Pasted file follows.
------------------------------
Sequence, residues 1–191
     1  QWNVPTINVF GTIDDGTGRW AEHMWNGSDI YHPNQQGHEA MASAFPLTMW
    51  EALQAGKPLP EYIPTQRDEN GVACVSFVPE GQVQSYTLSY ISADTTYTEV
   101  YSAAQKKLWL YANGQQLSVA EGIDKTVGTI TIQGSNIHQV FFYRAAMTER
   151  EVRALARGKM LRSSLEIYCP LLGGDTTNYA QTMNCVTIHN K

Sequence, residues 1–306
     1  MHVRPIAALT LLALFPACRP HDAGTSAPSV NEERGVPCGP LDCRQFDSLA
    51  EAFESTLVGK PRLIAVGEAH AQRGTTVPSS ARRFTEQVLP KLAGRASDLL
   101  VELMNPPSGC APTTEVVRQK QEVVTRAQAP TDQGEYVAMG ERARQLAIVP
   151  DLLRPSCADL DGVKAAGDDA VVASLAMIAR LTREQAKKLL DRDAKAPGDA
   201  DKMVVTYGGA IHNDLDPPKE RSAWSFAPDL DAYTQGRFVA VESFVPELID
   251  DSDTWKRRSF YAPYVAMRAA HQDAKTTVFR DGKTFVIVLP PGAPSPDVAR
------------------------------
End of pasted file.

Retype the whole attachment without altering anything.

Sequence, residues 1–191
     1  QWNVPTINVF GTIDDGTGRW AEHMWNGSDI YHPNQQGHEA MASAFPLTMW
    51  EALQAGKPLP EYIPTQRDEN GVACVSFVPE GQVQSYTLSY ISADTTYTEV
   101  YSAAQKKLWL YANGQQLSVA EGIDKTVGTI TIQGSNIHQV FFYRAAMTER
   151  EVRALARGKM LRSSLEIYCP LLGGDTTNYA QTMNCVTIHN K

Sequence, residues 1–306
     1  MHVRPIAALT LLALFPACRP HDAGTSAPSV NEERGVPCGP LDCRQFDSLA
    51  EAFESTLVGK PRLIAVGEAH AQRGTTVPSS ARRFTEQVLP KLAGRASDLL
   101  VELMNPPSGC APTTEVVRQK QEVVTRAQAP TDQGEYVAMG ERARQLAIVP
   151  DLLRPSCADL DGVKAAGDDA VVASLAMIAR LTREQAKKLL DRDAKAPGDA
   201  DKMVVTYGGA IHNDLDPPKE RSAWSFAPDL DAYTQGRFVA VESFVPELID
   251  DSDTWKRRSF YAPYVAMRAA HQDAKTTVFR DGKTFVIVLP PGAPSPDVAR